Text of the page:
170: The Art of Organic Content for Start-Up Brand Building

Episode 170 February 15, 2024 00:35:11
170: The Art of Organic Content for Start-Up Brand Building
B2B Revenue Acceleration
170: The Art of Organic Content for Start-Up Brand Building

Feb 15 2024 | 00:35:11

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Show Notes

Organic content should be treated as an essential part of any marketing strategy, particularly for start-ups trying to build their brand. It forms the foundation upon which authentic connections with the audience are built, setting the stage for long-term engagement and loyalty.

 

Join host Catarina Hoch (VP of Global Marketing, Operatix & memoryBlue) and Jake Hurwitz (Founder, Thursday Labs) as they unravel the nuances of organic content and brand building for start-ups in this captivating episode of B2B Revenue Acceleration.

 

Jake delves into why start-ups face unique challenges in establishing their brand identity through organic content, as well as shedding light on the importance of prioritizing brand building from the early stages and its profound impact on long-term success.

 

The discussion continues as they explore common blind spots that start-ups often overlook when crafting their brand message. From navigating the digital age to cost-effective strategies for building brand recognition, Jake shares valuable insights to help start-ups thrive in today's busy market.

 

Tune in to gain expert insight into navigating the art of organic content for start-up brand building with actionable tips to propel your business forward in the competitive landscape.

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Episode Transcript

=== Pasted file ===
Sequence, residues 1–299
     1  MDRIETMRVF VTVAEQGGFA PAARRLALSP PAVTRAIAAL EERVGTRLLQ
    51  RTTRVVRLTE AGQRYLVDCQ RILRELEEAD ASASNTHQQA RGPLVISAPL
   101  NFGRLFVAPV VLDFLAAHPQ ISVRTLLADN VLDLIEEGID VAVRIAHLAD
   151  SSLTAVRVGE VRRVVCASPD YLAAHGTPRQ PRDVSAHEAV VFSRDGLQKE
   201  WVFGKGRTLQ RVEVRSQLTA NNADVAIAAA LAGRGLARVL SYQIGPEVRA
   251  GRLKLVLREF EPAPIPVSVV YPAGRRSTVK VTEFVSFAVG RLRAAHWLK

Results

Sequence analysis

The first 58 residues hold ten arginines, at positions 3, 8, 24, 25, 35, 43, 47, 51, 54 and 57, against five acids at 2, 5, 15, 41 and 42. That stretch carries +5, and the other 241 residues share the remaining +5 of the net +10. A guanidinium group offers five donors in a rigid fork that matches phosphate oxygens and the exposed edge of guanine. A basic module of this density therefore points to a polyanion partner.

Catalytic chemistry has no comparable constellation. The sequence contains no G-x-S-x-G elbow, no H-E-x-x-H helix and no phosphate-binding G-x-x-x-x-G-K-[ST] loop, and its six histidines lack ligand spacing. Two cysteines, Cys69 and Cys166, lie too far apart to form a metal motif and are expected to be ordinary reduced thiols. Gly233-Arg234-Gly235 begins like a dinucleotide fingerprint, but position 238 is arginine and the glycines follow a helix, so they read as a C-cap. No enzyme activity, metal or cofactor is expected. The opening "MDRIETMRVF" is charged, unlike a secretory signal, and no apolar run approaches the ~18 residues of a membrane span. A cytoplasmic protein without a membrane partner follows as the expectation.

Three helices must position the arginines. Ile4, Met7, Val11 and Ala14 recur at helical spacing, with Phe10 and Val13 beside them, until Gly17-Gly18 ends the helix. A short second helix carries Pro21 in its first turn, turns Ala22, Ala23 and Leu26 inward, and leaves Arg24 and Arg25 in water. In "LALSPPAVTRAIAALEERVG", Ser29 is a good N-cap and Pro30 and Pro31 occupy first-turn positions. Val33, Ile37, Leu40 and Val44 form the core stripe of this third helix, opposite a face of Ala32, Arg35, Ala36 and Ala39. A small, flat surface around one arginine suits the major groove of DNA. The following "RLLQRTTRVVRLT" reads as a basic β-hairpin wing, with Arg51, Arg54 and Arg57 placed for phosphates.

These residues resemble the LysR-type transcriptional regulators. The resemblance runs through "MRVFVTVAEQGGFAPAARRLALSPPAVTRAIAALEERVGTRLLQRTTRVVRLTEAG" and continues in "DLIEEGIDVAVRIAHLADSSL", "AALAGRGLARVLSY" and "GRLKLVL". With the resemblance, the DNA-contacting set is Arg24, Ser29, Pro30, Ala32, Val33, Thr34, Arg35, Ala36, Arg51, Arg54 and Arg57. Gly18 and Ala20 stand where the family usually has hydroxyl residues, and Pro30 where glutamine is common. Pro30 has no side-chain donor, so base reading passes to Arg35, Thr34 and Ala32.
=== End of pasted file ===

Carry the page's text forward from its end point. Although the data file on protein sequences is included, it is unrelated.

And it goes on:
[00:00:00] Speaker A: You're listening to b two b revenue acceleration, a podcast dedicated to helping software executives stay on the cutting edge of sales and marketing in their industry. Let's get into the show. [00:00:11] Speaker B: Hi, welcome to b two b revenue acceleration. My name is Katerina Hawk and I'm here today with Jake Herwitz, who is the founder at Thursday Labs. How are you doing today, Jake? [00:00:22] Speaker C: I'm doing well, how are you? [00:00:24] Speaker B: Yeah, all good. A. It's a cold, wintry day in the UK and dark as now as you can see. But yeah, it's almost Christmas, so yeah, we're making it through the year. [00:00:36] Speaker C: Totally. I'm in Los Angeles. I just moved to Los Angeles and it's just like perfect weather all the time. Kind of getting used to that because I was from New York and I was in Colorado for a long time, so you're used to awful weather often. So can't really relate to the cold and dreary 05:00 p.m. Dark on a Monday just yet, but I hope you're holding it okay and taking it as a cozy, enjoyable experience. [00:00:58] Speaker B: Yeah, to be fair, you get used to the good weather, but you also get used to the bad weather. So it's not something we can change, so we just have to adapt. Right? [00:01:06] Speaker C: Right, of course. [00:01:08] Speaker B: Exactly right. So today we're going to talk a bit more about the world of content and organic content and brand building, especially for startups. We know that building a brand from scratch is always a hard task and I would love to hear a bit more about your experience with that. And also, we love to hear more about your company. Thursday labs. [00:01:28] Speaker C: Yeah, totally. Well, it might make sense for me to kind of share the abbreviated version of the full story, which will give sort of context as to why I do what I do and what we're working on and how it led us to Thursday Labs. So I started my marketing and design and creative journey, really, when I was like eight or nine years old, I was that kid playing on Photoshop and making videos on YouTube and selling custom sneakers on the Internet and all that stuff. It led to me starting a formal agency when I was 18, and that was in Colorado. I grew up in New York and then moved to Colorado when I was 18. I did that for about four or five years, and then I got into venture capital, and specifically what I was doing in the venture world was building and advising in the startup studio ecosystem. So for anyone who's familiar, you've got like venture capital funds that invest in startups and then in around 20, 15 20 16, 20 17. Those were the early years of this newish model popping up that we now refer to as startup Studios, which is venture capital funds that build their own startups from scratch and then also invest in them. So I bring this part of the story up, because this was a time where there were about 80 studios around the world. Now there are like thousands, but at the time there were about 80 in the world. None of them knew each other really. None of them were talking to each other. They were all very in dire need of information about this community and trying to learn how to build their company and they didn't have anywhere to go to learn this stuff. So that was a fantastic ingredient for me to basically become a thought leader within a niche space. And that wasn't the plan. The plan wasn't like, oh, I'm going to become the thought leader for startup studios. That never actually crossed my mind. It was more, here's an underserved community of very loyal, desperate, like starving people that had a lot of spending power and they need to meet each other. So I built with a few other folks, the global startup studio network, started writing a newsletter about studios, started blogging about it, started putting out content, and then it led to years of me being an independent consultant and advisor for studios. I worked with hundreds around the world and then went to raise a fund to invest in studios. And that was kind of like the obvious thing you do when you're in venture for half a decade and then you have incredible deal flow. It's like, well, let's raise our own fund. So I went to do that and it was Covid and basically woke up one day after like two years of that journey and like, oh my God, I'm becoming a finance guy. Like, I'm a finance guy now. That's just not, just not who I am in my core. I wear different clothes, I do different things on the weekends. So I kind of just had to put the brakes on and stop moving forward as a finance guy and becoming an LP, let alone a GP. And so made my way back into the marketing realm and that was kind of like part one and two of my story in my career. Now I think we're in part three and hopefully there are many, many more to come. But this ultimately led to Thursday labs, and Thursday labs wouldn't have been possible before chat, GPT and other AI tools came out. This company just genuinely could not have worked a year ago. But basically what I picked up on over the years was you've got all these founders and vcs, but mostly founders who are building b to b startups. And they're like, okay, well, my biggest competitor has a podcast, has a blog, has a newsletter. It's putting those video clips up on LinkedIn and Instagram and TikTok every day, and they're crushing it. They're making way more money than me. They're hiring better talent than me. They're raising more money than me. I should have a podcast. I should have a newsletter. I should be speaking on LinkedIn every day. I should become a thought leader within my space. But I have no idea where to start. I don't know what camera to buy. I don't know how to do this strategically. I don't know how to produce content that actually makes me money versus just like me just talking on the Internet. It's very daunting. So they don't do anything. So we built Thursday labs to solve that problem, which was like, okay, you've got all these b to b founders out there and investors who are solving significant problems, but have no idea how to tell their story, how to become a thought leader, how to even produce the first piece of content, let alone make it a strategic effort for their business. So we do it all for them. And the whole point of this is, don't even think about it. All you need to do is show up for 1 hour a week and record your episode. And we'll do everything else. We'll produce the podcast, we'll create all your short form video clips. We have an Emmy award winning editing team, and so they produce really great animated short form clips. We will write your blog for you every week. We'll write your newsletter for you every week. And we'll basically run these weekly coordinated campaigns that are surrounding the episode of the week, basically. And then we'll distribute it all for you. So now you give us access to your accounts and our tool that we use to post. So now all you got to do, like I said, show up for 1 hour a week and you're going to get about ten to 20 posts a day across all your accounts done for you. Plus weekly blog, weekly newsletter, and all that. And so, long story short, the goal and the vision here is to build, really the first and biggest production studio for founders. An analogy we use a lot is like Hollywood studios do this with actors and actresses, record labels do this with musicians. You have agencies who do with athletes. But no one does this for tech entrepreneurs yet. They're the new rock stars. Like entrepreneurs have won. So we're building that and it's largely AI powered. As far as how we actually put out this much volume of high quality content, I don't really need to say that part. It's kind of given it this. No one's buying our product because we use AI. It's just like how we actually get it done. But that's been a big reason why this wouldn't have existed years prior. So that's the story. I take what I've learned by kind of becoming my own thought leader within a niche space and bring that to all of our clients. Like, okay, you're an AI company, or you're a crypto company, or you're a real estate tech company. We dig in deep strategically into how we're going to actually build thought leadership quickly. We're talking in the first 60 to 90 days, and that's what this is all about. [00:07:36] Speaker B: Cool. And I guess, I don't know, I've heard so many times exactly what you said, that often founders, they don't feel like they have the time for it, or they just like, oh, I can't be bonded. I'm running a business, so it's kind of taking away the heavy lifting, I guess, 100% from them. And really, I guess 1 hour a week doesn't sound much, doesn't it? [00:07:58] Speaker C: No. I mean, most people, the way the markets reacted is they'll hire, like, a 22 year old kid who's right out of university, who's good at TikTok, and they're like, you're our new social media manager. That's like putting someone who knows how to sketch as your architect. And we think, that's okay. It's not going to work out. And so part of this vision, too, is like, how do we completely eliminate the need for the very junior beginner social media manager for b to b tech companies? They never even worked at a company in the first place, let alone now they run your socials. And so how do you bring an expert level understanding of this strategically to the masses at a price that it's a no brainer to say yes to the price? [00:08:41] Speaker B: Yeah, got it. And obviously, the whole kind of content engine that you build there obviously massively influences in helping build the brand. Do you often hear pushbacks or like, oh, when is this actually going to start bringing me money? Because I feel like often content, I mean, there is easy ways to measure attribution from content or results from content, but there is also sometimes you just as a marketer, you know it is the right thing to do, but how you can prove that with numbers. Sometimes it's hard. So where do you see that kind of attribution piece coming in? [00:09:15] Speaker C: Yeah, so I get asked that with every new client. It's funny because most other marketers, I can't generalize and say all but sure, you've noticed it. Most shy away from talking about Roi. I think that's the opportunity here, genuinely. So I lean right into it. I'm like, we're never going to put out a piece of content that I'm not confident is going to make you more money than it cost you to produce it. So we lead with that. But the analogy I always use is it's like working out and I'm your personal trainer and you just came to me and you haven't started working out and you just asked me, hey, when am I going to have a six pack? That's crazy. I can't answer that question. And if you genuinely are looking for an answer, it's not going to work out. I can't work with you because you're going to have misaligned expectations. You're going to be relying on me too much. But what I can promise you is if you start working out every day for the next three months, you will see incredible results in your life, let alone 6912 months in the future. That will include a six pack and so much more. For example, your spouse might want to actually sleep with you again. Your child might want to say, dad, mom, I'm really proud of you. You might have an extra hour a day of energy to play with your kid. These are incredible real results that come out of working out that are much more than like, oh, I lost eight pounds, or like, oh, so and so says I look better. So it's the same thing with content. You're playing at the major leagues here. You don't think professional athletes are working out regimented every day consistently for the rest of their lives, their careers? This is the same thing. So we say, look, we're going to expect Roi. Typically, our clients see about a five X ROI within 90 days. Those are the case studies we can point to. But every company is different. Like, I have one company that we work with not going to share a name, but at a high level. It was a $15,000 investment as a trial, but their sales cycle with their leads is about twelve to 18 months. And we were at month four, so they hadn't closed any deals yet. They just got a bunch of leads that were now filling up the pipeline. But their sales team is projecting. That'll be one to $1.5 million of revenue within the next 18 months. So, sure, I can't book that as new revenue in 2023, but are you going to stop now? Because really, fifteen k to one point five million dollars, that's like a 70 80 X return, but it hasn't been booked yet. Versus another company that might have a three week sales cycle that can book revenue for the work that we did. So I just share those stories when I talk to folks. It's like, well, what's the ROI going to be? And then there's the actual results, and I get the business I'm in, which is people expect to go viral. Like, if someone asked me, like, jake, make me go viral. I don't work with that person. That's like a clear sign that this is a red flag. But what they're really asking is, I want to feel like I'm getting something out of this. I want to feel. I want to go to sleep at night feeling like this is a good use of my time and money and this is worthwhile for us. And so we celebrate the small wins. For example, setting up your at home equipment, your podcasting equipment, for the first time, which we do in day one. And I do it all for you. Like, I'll order the equipment, you just give me your credit card. It's part of the first invoice, and now it's built. That's a huge win. You just didn't do that for three years. Now you have this equipment. Amazing. Next. By the end of week one, you've already invited your first six people to be on your podcast. Huge win. It's the equivalent of celebrating, like, showing up to the gym for the first time, buying the membership, doing the trial, pilates, or yoga class with your new trainer. Those are big wins. That's a big deal. And we don't overlook that. That's something to be celebrated, for sure. And so I'll pause there. That's how we look at ROi at a high level. [00:13:01] Speaker B: Makes sense. And what would you say is the biggest hurdle? Or what do people get wrong? Because I think there is a stat. I can't remember exactly the stat, but I don't know. One of hundred podcasts never make it past three episodes. Don't quote me on that. That's not actually the number, but that. [00:13:18] Speaker C: Is very close to the number. Is it? [00:13:20] Speaker B: Yeah. I think people sometimes don't realize that this is a long gameplay, right? Do you get companies pushing back? It's like, where is my roi on month three or how do you kind. [00:13:36] Speaker C: Of, yeah, it's part of my vetting process. Like I said, the vision for this is we become the production studio for founders. And so I'm not building this business at scouring for leads and hoping people pay me to keep my lights on. We don't just work with anybody, right? This is about working with folks that we really think we can grow long term with. And so every client we work with starts, we start with a four month contract. The first month is dedicated solely to strategy and actually creating the first set of assets, building the thing, and then for three months after that, we're distributing content every day for twelve weeks. And so when we're in month two, month three, we're just getting started. They just got on the bench press for the first time, and so it's really a chance to see, do we want to work with each other? Do they love us? Are we even sharing a message that makes sense to the world? Are we talking to the right audience? Like, who's the audience? How do we talk to them on each platform? Do we use bright colors or dark colors? Do we go humor, educational? Do we go short or long? Are we better on written content or video content? Are we better with a bright light, audio and camera or dark? All those things we're trying to figure out in the first couple of months. And I always come back to this analogy of being like the personal trainer and the athlete who's working out. It will get really hard, it will be scary, it will be daunting. You will get anxiety around months two and three. And I'm serious about this. I'm looking only for the folks who are willing to push through that and trust the process and be like, oh my God, it's 05:00 a.m. It's freezing outside, it's dark. I'm sore, everything hurts. I'm not seeing results yet. They still get out of bed and show up and meet me at the gym. Because for the ones who skip the workouts, you're wasting my time. And we have lots of other clients who won't waste our time. So, yeah, we've had a few that we've had to drop, of course, after four months and have more that will continue to drop after four months. And so it's really looking for those people. And so I have about half of my clients right out of the gates before we even get started. They understand it. They're like, I get we're not going to most likely see a huge roi in the first 60 days. That doesn't make sense. I'm not going to have a six pack in 60 days, but I promise you, I'm going to eat perfectly, I'm going to sleep perfectly, I'm going to recognize that so much gain comes out of the kitchen and the bedroom and not just at the gym. So they're doing a lot of the things on top of my work that helps complement it, to help accelerate it. But they're like, no, I get this is a long term game. We're here for the haul. We treat the first few months as getting to know each other and seeing if this is even the right pair. And then folks who look at it as like, oh, you better make us five x return in three months, otherwise you're out. I'm like, all right, cool. And I still want to do that because I want to help them see value, but if there isn't it there, it's not going to work long term. And so we part ways and that's totally fine. [00:16:33] Speaker B: Yeah, that makes sense. And how much do you see that kind of thought leadership and content supporting the brand building? Because obviously brand is so many things, right? So how do you see that specifically influencing the brand? [00:16:49] Speaker C: I think it's everything for a new B two B company. They often have options when they're starting out. So let's kind of break this down. When you're launching a new tech company, it's like, okay, we need to start building a brand and you have lots of choices. You can build a new website, build a website, you can start a podcast, you can hire some people to run your social media, you can put out a bunch of ads. We'll get to that one. You could invest in SEO, which means a lot of things. You can host events, you can launch a community, which also means a lot of things. So where do you start? What's your mix? I fundamentally believe the best place to start is by building thought leadership for the founder. Like the founder is the brand early on, because tech has never been easier and cheaper to build. I don't believe in the next couple of years that we're going to have any defensibility or competitive advantage or moat around technology or product. I could build a product using chat, GPT, or some AI tools now that some senior engineer two years ago at Google or Apple could build, like now. I can do that. I'm not even an engineer, so how is that competitive anymore? Brand is the competition. And for an early stage tech company, they're all solving the same problem in every space. Everything's been tried and been done. People are tired of being sold to when times get to that. People buy from people. They gravitate to people. And so I believe the most foundational, defensible thing you can't take away from anybody is their personal brand. And so we build this story around, well, who is this founder? Who were the humans behind this? Why are they obsessed? Why are they obsessed with this problem? Why are they the best people in the world to solve this problem? And then how are they going to do it? And that's always an easy and beautiful story to tell. And people gravitate towards that versus this solution. Well, blah, blah, blah, for your company, blah, it's like dry and vanilla, and no one cares anymore. But there's a damn good story to tell, and it's unlimited. It's infinite how much we could say and what we can do and the stories we can put out when we go the thought leadership route. And so what I, like, I talk to companies all the time, and some have no presence on the Internet. They haven't even launched yet. Some have been around for three years, six years. And then we get in, and I always say, this is the top of funnel play. And then from there, it's like, okay, then we should then improve the website, then chisel down to the ads, then get into SEO. And it all comes from how we're pulling folks in from the Founders network. [00:19:15] Speaker B: Is there a danger in the personal brand becoming bigger than the company brand? Or is that exactly the purpose of it? [00:19:25] Speaker C: It's already happened. We're not escaping that. Look at Tesla, Elon. Look at Amazon, Jeff. I'm going to put them on a first name basis, like we're friends. Look at Meta. Yeah, I mean, this. It's much bigger. Even Mr. Beast is arguably more powerful than YouTube itself at this point. There are creators that have more followers than that of the biggest media companies in the world. These media companies would be nothing without the humans behind it, and those are their products at the end of the day. And people under creators recognized that and brought the power to themselves. And now we're even seeing platforms, including LinkedIn, following the suits of Instagram and TikTok, starting to reward and pay individual creators to become, like, influencers and thought leaders. It's rumored that LinkedIn is moving in that direction, but I don't know what exactly that entails. And for anyone listening, it's the end of December of 2023. So if and when LinkedIn launches, like, a paid program for creators to make money off of being an influencer. That's something that we're looking out for. So, oh, my God. We're all in on this belief that humans and individuals thought leaders are going to be the main revenue drivers for the brands beneath them that they're creating. And many of these individuals have multiple brands. And so it all stems back to that one person. 2024 is the year of the personal brand, full stop. [00:20:48] Speaker B: And I guess that's something that others as b, two b revenue leaders can learn from b to c, right? Because look at all of those digital influencers, how much brands are spending money with those individuals more than other platforms. So I guess that's definitely something coming towards the b, two b side of things, which we can definitely see totally, 100%. And how do you go about picking the right platform for the person? Obviously, you talked about Instagram, TikTok, LinkedIn, YouTube, all of their birth. How do you go about deciding what should be the platform to invest in for each brand? [00:21:25] Speaker C: Yeah, well, I have my own opinion on this. Not every marketer would agree with it, but our approach is to put them everywhere. In the beginning, I have every client on every single platform for the first few months, with a few exceptions. Like, there are a couple of clients that it actually would do them a lot of harm to be on TikTok. Like, for example, those that are in cybersecurity and TikTok, there's a big conversation about why that's not okay or for folks that are in certain spaces, like they shouldn't be on meta or they shouldn't be on LinkedIn. So, yeah, we put an asterisk on it, but the whole point is we want to put them out in as many places as possible in the beginning. Why? Because your demographic, you want to slice it in as many ways as possible, to keep it as niche as possible. But we don't want to hurt ourselves along the way. So look, it's advised, and it's great to try to speak to a very small audience of people. We're talking 500 people in the world, maybe 5000, maybe 10,000. Once you go beyond that and you're like starting something new, it's too big. And so you slice it. It's like, all right, AI founders that also live in this demographic, or like single parents that also love to work out, get very niche and build your thought leadership, really, really niche, and then you expand from there. So we're already only talking about a few people. Now, those people might look and sound all exactly the same from a demographic standpoint. Like they're the same age, they live in the same city, they wear the same branded shoes, they all love the same music, they eat at the same restaurants. However, their brains all consume information and content a bit differently. So let's say you have 1000 people in your audience from the start. I would surmise that probably 20% to 25% of them really love to consume written content like blogs and newsletters. And they sit down and they like to read with their eyes on a screen. Whether it's mobile or desktop doesn't matter. 20% to 25% doesn't. And they prefer short form videos that they can watch on their phone and scroll through it, like on TikTok and Instagram, or Twitter and LinkedIn. And then I would surmise that 25% actually likes to listen to podcasts when they're on their morning commute, or walking their dog, or they put it on YouTube on their smart tv while they're cooking dinner for their kids. Now, those are just human beings. They all like to consume the same piece of content, the same piece of value and knowledge, just in different ways. And so if we're only putting out a newsletter, or you're only putting YouTube videos out, or you're only putting out TikTok videos, well, you're just missing a huge percentage of your already small demographic that you could be learning from. Because I want to then turn around in three or six months and say, we just talked to 1000 people on these seven platforms or these eleven channels, and we learned that actually we're getting 90% of our engagement on YouTube, long form audio. That's where we're going to double down. But there was only one way to learn that, because we could compare it to all the other places. Or we'll turn around and say, we just got 90% of our best results in engagement, literally only on TikTok, nowhere else. Great. Who would have thought? Now let's double down on TikTok and put some more money into that. So you build the playbook. [00:24:22] Speaker B: Got you. And do you have any cases even, obviously, maybe the founders that you've supported yet, they haven't become celebrities influencers yet, but any kind of people out there that you feel like have done a really good job with their personal brand, and maybe kind of more affluent people and people that started kind of from the scratch, obviously can't talk about Elon or Jeff, your friends, but I don't know. In the UK, for example, Stephen Bartlett is one that has done a fantastic job with his personal brand. Any other people that you would kind of mention, totally. [00:24:57] Speaker C: I'll give a shout out to, as I say that my puppy is crawling up on me to play, I'll give a shout out to actually one of my first client with this model. It's a company called Posh Posh, and their website is Posh VIP. They were essentially my beta client. I was like, I want to try this thing where we help b two B founders become influential in their space and help that be use that influence to be a revenue driver for the company. And so the two founders, Eli and Avante, we met at an event in New York last winter, and I was just explaining this vision, and they were like, damn, we love that. And so we gave it a try and it worked for them. And then basically everything I learned and we learned within that process led to this model of labs. I credit them for so much of our success here, but when we were just getting started, they're two young founders, like NYU dropouts, and they had a cool story to begin with, and they were kind of just know people sort of knew about them and their brand a little bit in the space. And what their company does is they're like the backend tool that powers all of nightlife and ticketing and sign in and finding your events and all. So, like, within the very small niche nightlife space, like in New York City, some people knew who they were, and we started putting out content, and we started bringing in big time djs and venue owners and industry leaders and luminaries to come join them in the office. And then our cool little podcast studio and talk about the space, talk about how to become a dj and how to just literally just putting out educational content about everything nightlife related in the music industry and all that. Very quickly, their faces just started to become everywhere. And it was very cool. It's continuing to happen. And so I'll never forget one night I get a text from Eli. I was dead asleep. I'm too old now to be going out and partying till five in the morning, but they're in nightlife. They got to do it. And he was like, dude, a bouncer at one of the nightclubs that I've been to a few times just recognized me from our recent podcast episode and let me skip the VIP line. So that's the equivalent of you started working out and you didn't really realize you were seeing benefit, and somebody came up to you at a venue and was like, hey, you look amazing. You lost some weight. Come on, skip the VIP line. You're one of the hot people now like what they'll pay me for life after that happens. That's one of the many quick case studies I'm happy to share. And if you're in Nightlife, check out posh vip. You probably already know about it already because that's where you'll get all your what should I do this weekend? Question answered. [00:27:25] Speaker B: And is there any sort of founder profile that works best for these sort of strategies? Because I guess some people may not want to expose themselves and they don't want to become a thought leader. They don't think they are capable of it or are very self conscious or not very articulated. What is kind of the ideal profile for people looking into this? [00:27:48] Speaker C: Yeah, it's such a good question. I honestly think about that all the time, very strategically. For example, even yesterday, I was driving on the road yesterday for like 6 hours. I'm thinking about this for hours. Do I need to make my clients more controversial, more opinionated, more loud? And I'm not sure I have an answer for that yet. Like, in theory, yeah, they should be more opinionated and more loud and more just to stand out from the noise. But on the other hand, they should be themselves, right? They should lead with who they really are in their soul, especially when they're just getting started as a company, because that's going to bring the most rock solid foundational investors around them. It's going to bring the best quality employees and team for them as they're hiring. And this content helps with all of that, raising money, hiring a team, and then bringing in revenue. So customers, it's really important for founders to work with the right beta customers early on that they really understand each other. And so if a founder is becoming a thought leader and putting out content that's not really themselves, and then they sit down with an investor, or they sit down with a potential employee or customer who they found through this content, and they're not the same. All of those deals are getting lost. So it's my job to kind of diagnose very quickly, and this is even before we start working together. Well, who's this person? And that's why I think I'm well suited to build this business, because I think I have that natural ability with people to be like, who's this person? And I can almost diagnose almost like my own little mini Myers Briggs type thing. Are they better to be loud or kind of quiet? Should they be more funny? Or should they be more tactical and educational? And then I have to go do a bunch of research with them, but mostly by me and my team on their space. And then like, okay, is there an audience within their space that they're going to really latch onto and become influential for? If they're very quiet and shy and a lot more kind of back office educational and they're in the AI space, well, it's like, cool. Everyone and their mother is in AI right now. We can't talk to all them. How do we go build our own little niche micro community of folks in AI who really appreciate and are warm to somebody who is a lot more educational and shy and quiet? That's just one client. So now we need to build a whole story and narrative and brand around that. So the shorter answer to your question is, I'm not exactly sure, but that's what we're doing for now, and we're trying to figure that piece out constantly. [00:30:17] Speaker B: Yeah, it's interesting because I think a lot of, and even like, thinking of myself or of the people that I follow, I think we often follow people because we find relevant in what they're saying or we find value, but we also relate to it. So I guess it's about making sure that people feel like they are relatable in a way, isn't it? So maybe if you have more of a technical audience, maybe a person that's a bit more shy and that goes in more depth into their conversations, it's probably going to be better suited than somebody that is loud and out there, which probably works really well with your nightlife startup, for example. [00:30:52] Speaker C: But. [00:30:55] Speaker B: I guess it's matching the profile of the founder to the profile of the audience to make sure that people find the content relatable. [00:31:01] Speaker C: Exactly. I mean, think about what a record label or a studio in Hollywood does with their artists or their actors and actresses. It's like you do a r, you put them through makeup, you dress them up, and you make them a star within their. Like, people aren't pushing Selena Gomez to me, but they're pushing Selena Gomez's brand to people who really relate and want to be Selena Gomez. But to me, they're pushing Zach Bryan. It's like a different artist. And I want to be Zach Bryan I want to hang out with. So I get, I get targeted content from that whole lifestyle, not just him. And so, yeah, it's really about scientifically and very strategically and tactically, surgically. Like, that's the word, surgically. Putting the right story about the founder in front of the very few right people at the right moment and just providing them value, teach them stuff make them fall in love with you, make them trust you, make them believe that you're the best in the world at what you do, largely because there's no one else doing what you're doing. So you got to very quickly become the luminary. That's how we do it. And then you're there. It's like a hack. [00:32:07] Speaker B: Jake, we're coming to the end of the podcast, but there is one more question I wanted to ask, please. Do you think that startups face unique challenges in building trust and credibility compared to more established businesses? Is it harder for them or do you feel like everybody's been there before and everybody started one day, and how can they overcome these challenges? [00:32:27] Speaker C: It's super challenging because especially now, everybody's a founder, right? Everything. Think of a problem like there's been a Solution times a hundred, like every smart this or Iot that or AI powered this, like everything's been tried, there's nothing new now. And so everyone's really burnt out on like, oh, new launch, like new startups coming out of Silicon Valley, another company is funded. At this point we're like, yawn, what makes this one any different? But I think we could all remember maybe 510 years ago, anytime a cool new startup popped up, it was like, oh, that's interesting, let me take a look at that. It wasn't as saturated. So yeah, the challenge is how do you get people to care? How do you get people to pay with their time and their clicks and their thumbs? It's the attention economy. We're day trading attention, as Gary Vee calls it. I love that mindset. So one, I think it's a responsibility to like if you're going to capture people's attention, to do it ethically and really provide value versus just try to sell them another thing, another piece of crap, super important. And the biggest challenge and the biggest asset a company can have, a new startup can have early on is being understood. I mean, if people get what you're doing, you're already ahead of 99% of the startups out there. No one understands what they're doing because they're not very good at communicating it. And if you're understood, well, the dominoes fall. More people come and work with your company because they get the vision. More people invest in the company because they can talk about it and share with their other vc friends. More people buy from you because they just get the problem you solve. And that's the biggest asset you have. But that's the biggest challenge. More established brands, they've already done that, but they had the challenge before they were established. They figured it out in their own way. So I think that's the piece with, yeah, it's extremely challenging, but you could do none of it, and then, yeah. [00:34:13] Speaker B: You'Ve got to get started at some point, right? As you said, the more established business, they've just gone through it all. It makes sense. All right, well, thank you so much, Jake. Really interesting conversation. I'm sure it will be super relatable to lots of standard founders out there. If anybody wants to learn more about your company or yourself, what's the best way for them to find you? Get in touch with you. [00:34:34] Speaker C: Yeah, LinkedIn, that's the best place. My dms on LinkedIn are a little bit messy. I do my best to answer everything amidst all the spam. So shoot me a DM and just reference that you heard me on this podcast, and I'll be sure to get back to you immediately on that one. But, yeah, search my name or search Thursday labs on LinkedIn. That's where you'll find us. [00:34:51] Speaker B: Good stuff. All right, well, thank you so much again for your time. It was great having you on the show. [00:34:56] Speaker C: Thank you. This was a lot of fun. I appreciate it. [00:34:58] Speaker A: You've been listening to b two b revenue acceleration. To ensure that you never miss an episode, subscribe to the show in your favorite podcast player. Thank you so much for listening. Until next time.